This week, we offer the second of an ongoing series of episodes focused on fandom and fandom studies. Last week, we explored fandom’s relationship with the creative industries. This week, we are looking at fan-based activism.
The episode features Janae Phillips, Director of Leadership and Education for the Harry Potter Alliance, who oversees the Granger Leadership Academy and the Fandom Forward study guides project, among other things. Shawn Taylor is one of the founders of Nerds of Color and a founding organizer of the Black Comix Arts Festival, a festival that highlights and promotes artists on the margins of the mainstream comic book industry. Shawn recently published a white paper, We The Fans: How Our Powers Can Change the World, as a Senior Fellow for the Pop Culture Collaborative.
We begin our discussion by trying to understand what we mean by fan activism and why fandom has emerged as an important driver of movements for social change. We consider why fandom might not only enable young people to enter the political process but also how fan activism becomes more sustainable because of the elements of joy, empathy, and passion it brings with it. We consider the darker sides of fan activism, including links between “toxic fandom” and the alt-right, but we also consider how fandom has become a site for anti-racism work. We share our experiences at the Granger Leadership Program this summer as an example of how the Harry Potter Alliance is helping to train young activists and the Granger/Lovegood campaign as a specific effort with the goal of registering and informing potential young voters. Finally, Shawn closes us out with some reflections on Afro-futurism as a philosophy and model for social action and the risks that it has become too cool, too fast.
This episode is dedicated to the memory of Karan Nevatia – a remarkable young producer, fan, activist, and professional.
Here are some of the references from this episode, for those who want to dig a little deeper:
Here are some articles Henry has written about the Harry Potter Alliance’s model for social change and its Not in Harry’s Name Campaign. Henry’s research group had more to say about the Harry Potter Alliance in their book, By Any Media Necessary: The New Youth Activism.
This video about the Not in Harry’s Name campaign illustrates how the HPA builds on the infrastructure fandom provides.
More of HPA’s Fandom Forward Resources:
Marvel Cinematic Universe
Welcome to Night Vale
What is a Blerd?
Nerds of Color:
Ghost in the Shell controversy
E.E. “Doc” Smith – Lensmen Novels
The Book of Three, Prydain, The Horned King
Raiders of the Lost Ark – mythology
What Steven Universe did for queer kids
Worldbuilding in Role-Playing Games
Translating fandom skills to digital organizing; fandom as a way to make activism sustainable:
The Handmaid’s Tale
Princess Leia at Women’s March
Hong Kong students and Les Miserables
Three finger salute in Thailand
What’s different about youth activism
Exclusive vs. Inclusive Fandoms:
Star Wars – Kelly Marie Tran
Transformative fandom/affirmational fandom
Fandom Hierarchies and Ownership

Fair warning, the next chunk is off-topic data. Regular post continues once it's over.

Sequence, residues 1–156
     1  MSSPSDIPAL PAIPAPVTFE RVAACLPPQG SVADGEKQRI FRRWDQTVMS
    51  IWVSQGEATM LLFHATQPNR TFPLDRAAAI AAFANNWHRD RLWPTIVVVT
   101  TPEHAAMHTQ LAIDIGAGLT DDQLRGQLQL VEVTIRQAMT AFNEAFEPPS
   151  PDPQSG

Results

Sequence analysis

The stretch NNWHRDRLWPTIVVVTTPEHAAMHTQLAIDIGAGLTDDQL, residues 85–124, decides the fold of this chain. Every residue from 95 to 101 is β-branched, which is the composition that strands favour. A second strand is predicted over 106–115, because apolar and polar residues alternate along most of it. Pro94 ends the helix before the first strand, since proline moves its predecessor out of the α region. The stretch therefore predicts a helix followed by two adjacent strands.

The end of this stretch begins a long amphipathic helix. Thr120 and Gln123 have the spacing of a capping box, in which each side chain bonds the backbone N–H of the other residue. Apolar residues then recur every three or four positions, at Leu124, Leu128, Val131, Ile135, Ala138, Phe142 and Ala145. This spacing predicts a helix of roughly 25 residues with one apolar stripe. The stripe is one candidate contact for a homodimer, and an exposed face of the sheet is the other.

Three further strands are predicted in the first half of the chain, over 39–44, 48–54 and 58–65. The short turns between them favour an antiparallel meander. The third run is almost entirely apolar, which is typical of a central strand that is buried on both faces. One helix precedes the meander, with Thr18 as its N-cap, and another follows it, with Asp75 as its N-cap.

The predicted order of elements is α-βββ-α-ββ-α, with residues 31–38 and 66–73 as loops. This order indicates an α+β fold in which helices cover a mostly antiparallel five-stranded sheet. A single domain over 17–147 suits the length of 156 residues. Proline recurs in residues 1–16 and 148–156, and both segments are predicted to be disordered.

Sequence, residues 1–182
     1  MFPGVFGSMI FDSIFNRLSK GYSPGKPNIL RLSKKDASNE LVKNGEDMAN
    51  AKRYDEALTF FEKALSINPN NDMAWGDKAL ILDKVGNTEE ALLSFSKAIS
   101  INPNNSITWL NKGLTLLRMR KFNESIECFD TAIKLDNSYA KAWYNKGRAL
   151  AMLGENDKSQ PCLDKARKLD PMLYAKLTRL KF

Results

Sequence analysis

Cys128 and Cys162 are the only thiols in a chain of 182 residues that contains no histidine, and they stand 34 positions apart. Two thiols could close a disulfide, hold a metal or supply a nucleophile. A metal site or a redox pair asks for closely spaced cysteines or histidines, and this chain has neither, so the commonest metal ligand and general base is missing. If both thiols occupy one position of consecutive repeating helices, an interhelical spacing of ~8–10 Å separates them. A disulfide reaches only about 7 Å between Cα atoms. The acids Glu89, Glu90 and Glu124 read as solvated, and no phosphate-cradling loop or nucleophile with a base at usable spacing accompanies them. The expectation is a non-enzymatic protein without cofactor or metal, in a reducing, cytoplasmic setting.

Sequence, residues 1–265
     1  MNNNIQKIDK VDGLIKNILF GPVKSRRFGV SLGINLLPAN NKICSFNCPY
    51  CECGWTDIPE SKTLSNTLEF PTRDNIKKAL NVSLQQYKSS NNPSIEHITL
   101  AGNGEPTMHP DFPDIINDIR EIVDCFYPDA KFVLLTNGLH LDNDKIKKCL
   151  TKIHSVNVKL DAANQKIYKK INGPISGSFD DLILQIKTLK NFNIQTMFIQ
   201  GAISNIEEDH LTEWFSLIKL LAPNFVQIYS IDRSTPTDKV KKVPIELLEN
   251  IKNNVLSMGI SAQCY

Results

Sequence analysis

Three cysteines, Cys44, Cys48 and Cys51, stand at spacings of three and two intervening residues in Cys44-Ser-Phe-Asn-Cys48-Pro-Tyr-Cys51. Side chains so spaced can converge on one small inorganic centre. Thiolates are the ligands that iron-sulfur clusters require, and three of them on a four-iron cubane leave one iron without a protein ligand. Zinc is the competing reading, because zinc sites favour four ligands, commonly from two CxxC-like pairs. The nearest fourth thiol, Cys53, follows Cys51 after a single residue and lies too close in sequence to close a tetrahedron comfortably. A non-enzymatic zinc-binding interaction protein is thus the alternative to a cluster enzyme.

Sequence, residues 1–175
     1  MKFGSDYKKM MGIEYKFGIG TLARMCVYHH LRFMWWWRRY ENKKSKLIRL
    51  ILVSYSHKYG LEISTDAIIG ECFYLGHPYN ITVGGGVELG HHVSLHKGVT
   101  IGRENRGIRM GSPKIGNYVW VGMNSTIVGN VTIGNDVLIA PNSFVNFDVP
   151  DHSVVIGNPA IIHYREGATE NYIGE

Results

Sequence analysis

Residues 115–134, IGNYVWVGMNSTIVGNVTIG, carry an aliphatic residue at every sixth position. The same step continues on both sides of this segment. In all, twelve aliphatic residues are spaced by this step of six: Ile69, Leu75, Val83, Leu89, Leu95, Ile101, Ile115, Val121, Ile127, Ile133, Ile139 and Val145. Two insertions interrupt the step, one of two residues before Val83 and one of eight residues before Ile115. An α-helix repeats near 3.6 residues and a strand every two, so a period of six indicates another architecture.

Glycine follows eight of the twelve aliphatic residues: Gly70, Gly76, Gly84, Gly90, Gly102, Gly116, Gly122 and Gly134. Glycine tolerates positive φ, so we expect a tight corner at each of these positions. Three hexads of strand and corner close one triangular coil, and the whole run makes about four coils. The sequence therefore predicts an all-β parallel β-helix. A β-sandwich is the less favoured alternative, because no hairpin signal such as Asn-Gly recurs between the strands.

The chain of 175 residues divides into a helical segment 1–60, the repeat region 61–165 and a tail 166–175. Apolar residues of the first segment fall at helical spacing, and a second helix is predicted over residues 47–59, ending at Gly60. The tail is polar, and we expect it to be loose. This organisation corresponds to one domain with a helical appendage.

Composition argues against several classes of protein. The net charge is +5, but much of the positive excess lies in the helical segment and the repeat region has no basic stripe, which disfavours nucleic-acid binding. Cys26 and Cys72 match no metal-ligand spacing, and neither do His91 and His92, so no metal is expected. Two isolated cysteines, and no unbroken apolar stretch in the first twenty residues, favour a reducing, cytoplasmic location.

Cross the Streams – Ghostbusters
“the TERF who shall not be named”
Granger/Lovegood 2020 “campaign”
Alondra Nelson on Afrofuturism
Shawn Taylor on Our Opinions are Correct – the history of Afrofuturism
Shawn Taylor’s Essay on Black Panther
Steven Barnes on Black Panther
More thoughts on “the White CIA guy” in Black Panther – Eve Ewing on Intercepted
Shawn’s film Afrofuturist recommendation: Destination Planet Negro
History of Fictional characters running for president:
Pogo, “I Go Pogo”
Some basics on K-pop fan activism
K-pop fans’ sabotage of Tulsa Trump rally
Check out these related past episodes:
Episode 14: Hye Jin Lee and Cristina Visperas on the Global Fandom for K-pop
Episode 22: On Conspiracy Theories, with Benjamen Walker and Wu Ming
Episode 66: The Legacy of Octavia E. Butler with Damian E. Duffy, John Jennings, and Shelley Streeby
Episode 40: Exploring the Dark Fantastic with Ebony Thomas
Episode 25: Why Do We Need More Critics of Color? with Jeff Yang & Mauricio Mota
Episode 26: Reimagining the ecology of cultural criticism: Elizabeth Mendez Berry and Carolina A. Miranda
Episode 27: Critics of color: The added value of subtleties, with Eric Deggans
Episode 5: Black Panther, comics and the history of Marvel
Episode 6: Define American’s Julian Gomez on Black Panther and empowering fan activism
Episode 8: Manouchka Labouba on Black Panther and African cinema today
Episode 9: Nicholas J. Cull on Black Panther and the politics of popular culture
Hear Karan Nevatia talking on NPR about his signature song, “No Scrubs” by TLC
Donate to the Harry Potter Alliance in memory of Karan Nevatia.
If you or someone you know needs someone to lean on for emotional support, call the Lifeline at 1-800-273-8255. You can also chat them online.
Share your thoughts via Twitter with Henry, Colin and the How Do You Like It So Far? account! You can also email us at [email protected]!
“In Time” by Dylan Emmett and “Spaceship” by Lesion X.
In Time (Instrumental) by Dylan Emmet https://soundcloud.com/dylanemmet
Spaceship by Lesion X https://soundcloud.com/lesionxbeats
Creative Commons — Attribution 3.0 Unported — CC BY 3.0
Free Download / Stream: https://bit.ly/in-time-instrumental
Free Download / Stream: https://bit.ly/lesion-x-spaceship
Music promoted by Audio Library https://youtu.be/AzYoVrMLa1Q
“No Scrubs” by TLC